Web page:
Order Code RL32723

CRS Report for Congress Received through the CRS Web

Zimbabwe: Current Issues

Updated March 11, 2005

Jeffrey Townsend Research Associate Foreign Affairs, Defense, and Trade Division Raymond W. Copson Specialist in International Relations Foreign Affairs, Defense, and Trade Division

Congressional Research Service ˜ The Library of Congress : Current Issues


Parliamentary elections are scheduled in Zimbabwe for March 31, 2005, and they will be closely watched by supporters of human rights and democracy. The last parliamentary election, in June 2000, was marred by violence against the opposition and other irregularities. According to the Department of State, the presidential election in March 2002 was “preceded and followed by a government-sanctioned campaign of violence directed towards supporters and potential supporters of the opposition.” Secretary of State has labeled Zimbabwe an “outpost of tyranny,” and the has enforced targeted sanctions against top Zimbabwe officials and associates since 2002. Moreover, the Administration has urged South ’s President to lead a regional effort to promote democracy and . Should the 2005 voting again prove violent or manifestly unfair, some may advocate stronger measures.

Zimbabwe is a land-locked, primarily agricultural southern African country of 12.7 million people, and has been ruled by its current President, , since a majority-rule political system was established — following a long civil war - in 1980. Since the late 1990s, the Mugabe government has pursued a controversial land expropriation policy that has contributed to a sharp and continuing economic decline. GDP declined by 30% from 1998 through 2003, and fell another 5.2% in 2004. Unemployment is estimated at 70%. The adult HIV infection rate of 25% has contributed to a sharp drop in life expectancy.

The Mugabe government has been using recently imposed legislation to suppress freedom of speech and the press, and many are concerned that the government is restricting access to food, already in short supply, to opposition areas in order to influence the parliamentary vote. Opposition leader has been acquitted in a trial, but faces retrial and another treason charge. President Mugabe, now 81, has not named a successor to head the ruling party, and a behind-the-scenes power struggle is adding to concerns over the country’s stability.

President Mugabe enjoys considerable popularity in Africa as a former liberation leader, and because many approve of the land takeovers. However, some leaders have come to see Mugabe’s conduct as damaging to Africa and are urging democratic reforms. The Southern African Development Community (SADC) has recently adopted electoral standards for its members, and many are hoping that SADC election observers will objectively measure Zimbabwe’s conduct against these standards. Others fear that a sense of regional solidarity will circumscribe the judgement of the SADC team. President Mbeki is pursuing “quiet diplomacy” aimed at achieving a dialogue and a resolution of the problems in Zimbabwe, but whether his efforts are strenuous enough is controversial. This report, which will be updated as events warrant, describes the current situation within Zimbabwe and the policies adopted by key countries and institutions in the international community. Scenarios for Zimbabwe’s future are briefly outlined. For background on Mugabe’s land policies and previous elections, see CRS Report RL31229, Zimbabwe Backgrounder, CRS Report RS21161, Zimbabwe Election Chronology, and CRS Report RS21595, Zimbabwe Update. Contents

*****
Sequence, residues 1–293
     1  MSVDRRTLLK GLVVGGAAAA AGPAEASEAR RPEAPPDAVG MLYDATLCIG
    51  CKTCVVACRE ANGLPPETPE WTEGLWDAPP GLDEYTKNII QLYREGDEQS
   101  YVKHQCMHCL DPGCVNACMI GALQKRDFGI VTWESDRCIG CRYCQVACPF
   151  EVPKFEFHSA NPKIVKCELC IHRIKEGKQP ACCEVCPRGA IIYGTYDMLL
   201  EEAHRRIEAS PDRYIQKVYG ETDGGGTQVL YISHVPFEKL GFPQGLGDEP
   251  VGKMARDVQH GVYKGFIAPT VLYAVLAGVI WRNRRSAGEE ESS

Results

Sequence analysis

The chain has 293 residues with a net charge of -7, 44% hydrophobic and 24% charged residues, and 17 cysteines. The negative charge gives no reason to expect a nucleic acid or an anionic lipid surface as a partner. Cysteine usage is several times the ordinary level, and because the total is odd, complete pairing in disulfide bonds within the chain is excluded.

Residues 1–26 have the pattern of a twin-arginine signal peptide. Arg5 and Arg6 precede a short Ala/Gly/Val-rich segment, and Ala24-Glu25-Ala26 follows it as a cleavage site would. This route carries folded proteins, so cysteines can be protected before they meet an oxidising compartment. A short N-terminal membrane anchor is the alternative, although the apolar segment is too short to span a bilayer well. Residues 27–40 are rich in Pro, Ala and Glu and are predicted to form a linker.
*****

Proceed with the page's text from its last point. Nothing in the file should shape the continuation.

Background: 2003 - 2005 ...... 1

Political Situation ...... 1 Parliamentary Elections 2005 ...... 2 Political Violence ...... 6 Food as a Political Weapon ...... 7 Presidential Succession ...... 8 Movement for Democratic Change (MDC)...... 9

Economy ...... 10

International Perspectives ...... 11 U.S. Policy...... 12 ...... 14 ...... 14 Commonwealth ...... 15 ...... 15 ...... 16 Other African Reactions...... 18 SADC...... 18

Possible Outcomes...... 19

Appendix: Map of Zimbabwe ...... 21 Zimbabwe: Current Issues

Background: 2003 - 2005

In the late 1990s, the government of Zimbabwe, headed by President Robert Mugabe, began to implement radical land expropriation policies in the face of rising domestic political and economic challenges. Since then, the country’s problems have deepened, and many observers believe Zimbabwe is headed toward further repression or grave political instability — or perhaps both. Substantial political violence and human rights violations accompanied parliamentary elections held in 2000, as well as the 2002 presidential election. As the country approaches the next parliamentary elections, scheduled for March 31, 2005, there are continuing reports of human rights abuses and of food being used as a political weapon. Zimbabwe’s political difficulties have been accompanied by a sharp decline in living standards. According to the International Crisis Group (ICG), “Zimbabweans today are as poor as they were in 1970, and 70 per cent live below the poverty line. Fewer people have formal jobs now than in 1980.”1 Nearly 25% of adults in Zimbabwe are infected by the HIV virus, and life expectancy fell from an estimated 56 years in 1990 to 39 in 2002,2 the last year for which data are available. Observers are concerned that the difficulties confronting Zimbabwe are affecting neighboring countries and deterring investors from the region. This report outlines current issues affecting Zimbabwe and U.S. policy toward Zimbabwe. For historical background, see CRS Report RL31229, Zimbabwe Backgrounder. CRS Report RS21161, Zimbabwe Election Chronology, deals with the March 2002 parliamentary elections, and CRS Report RS21595, Zimbabwe Update, covers the 2002-2003 period.